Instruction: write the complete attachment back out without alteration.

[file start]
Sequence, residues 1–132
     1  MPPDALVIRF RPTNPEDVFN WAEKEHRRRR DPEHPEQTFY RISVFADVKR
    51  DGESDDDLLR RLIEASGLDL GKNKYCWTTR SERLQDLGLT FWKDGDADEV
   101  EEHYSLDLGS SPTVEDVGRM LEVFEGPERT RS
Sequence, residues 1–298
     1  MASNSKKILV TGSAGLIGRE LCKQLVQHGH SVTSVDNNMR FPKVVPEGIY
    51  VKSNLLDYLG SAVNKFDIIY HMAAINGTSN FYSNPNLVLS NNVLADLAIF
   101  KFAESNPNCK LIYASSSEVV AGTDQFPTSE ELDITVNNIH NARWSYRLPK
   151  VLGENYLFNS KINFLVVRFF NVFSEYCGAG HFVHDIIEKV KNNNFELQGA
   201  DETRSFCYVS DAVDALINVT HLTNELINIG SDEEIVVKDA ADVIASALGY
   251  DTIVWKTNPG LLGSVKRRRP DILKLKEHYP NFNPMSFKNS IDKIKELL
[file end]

Sequence, residues 1–132
     1  MPPDALVIRF RPTNPEDVFN WAEKEHRRRR DPEHPEQTFY RISVFADVKR
    51  DGESDDDLLR RLIEASGLDL GKNKYCWTTR SERLQDLGLT FWKDGDADEV
   101  EEHYSLDLGS SPTVEDVGRM LEVFEGPERT RS
Sequence, residues 1–298
     1  MASNSKKILV TGSAGLIGRE LCKQLVQHGH SVTSVDNNMR FPKVVPEGIY
    51  VKSNLLDYLG SAVNKFDIIY HMAAINGTSN FYSNPNLVLS NNVLADLAIF
   101  KFAESNPNCK LIYASSSEVV AGTDQFPTSE ELDITVNNIH NARWSYRLPK
   151  VLGENYLFNS KINFLVVRFF NVFSEYCGAG HFVHDIIEKV KNNNFELQGA
   201  DETRSFCYVS DAVDALINVT HLTNELINIG SDEEIVVKDA ADVIASALGY
   251  DTIVWKTNPG LLGSVKRRRP DILKLKEHYP NFNPMSFKNS IDKIKELL